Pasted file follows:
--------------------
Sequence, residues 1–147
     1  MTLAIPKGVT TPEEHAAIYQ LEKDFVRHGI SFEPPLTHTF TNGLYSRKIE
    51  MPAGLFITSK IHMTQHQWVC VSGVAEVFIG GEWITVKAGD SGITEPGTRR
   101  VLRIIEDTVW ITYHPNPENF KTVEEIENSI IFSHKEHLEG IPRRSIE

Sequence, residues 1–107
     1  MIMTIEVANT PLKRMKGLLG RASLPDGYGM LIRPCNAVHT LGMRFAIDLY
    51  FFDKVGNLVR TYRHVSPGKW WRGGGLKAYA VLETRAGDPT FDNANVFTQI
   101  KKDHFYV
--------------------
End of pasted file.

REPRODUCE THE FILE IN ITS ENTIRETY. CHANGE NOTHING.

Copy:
Sequence, residues 1–147
     1  MTLAIPKGVT TPEEHAAIYQ LEKDFVRHGI SFEPPLTHTF TNGLYSRKIE
    51  MPAGLFITSK IHMTQHQWVC VSGVAEVFIG GEWITVKAGD SGITEPGTRR
   101  VLRIIEDTVW ITYHPNPENF KTVEEIENSI IFSHKEHLEG IPRRSIE

Sequence, residues 1–107
     1  MIMTIEVANT PLKRMKGLLG RASLPDGYGM LIRPCNAVHT LGMRFAIDLY
    51  FFDKVGNLVR TYRHVSPGKW WRGGGLKAYA VLETRAGDPT FDNANVFTQI
   101  KKDHFYV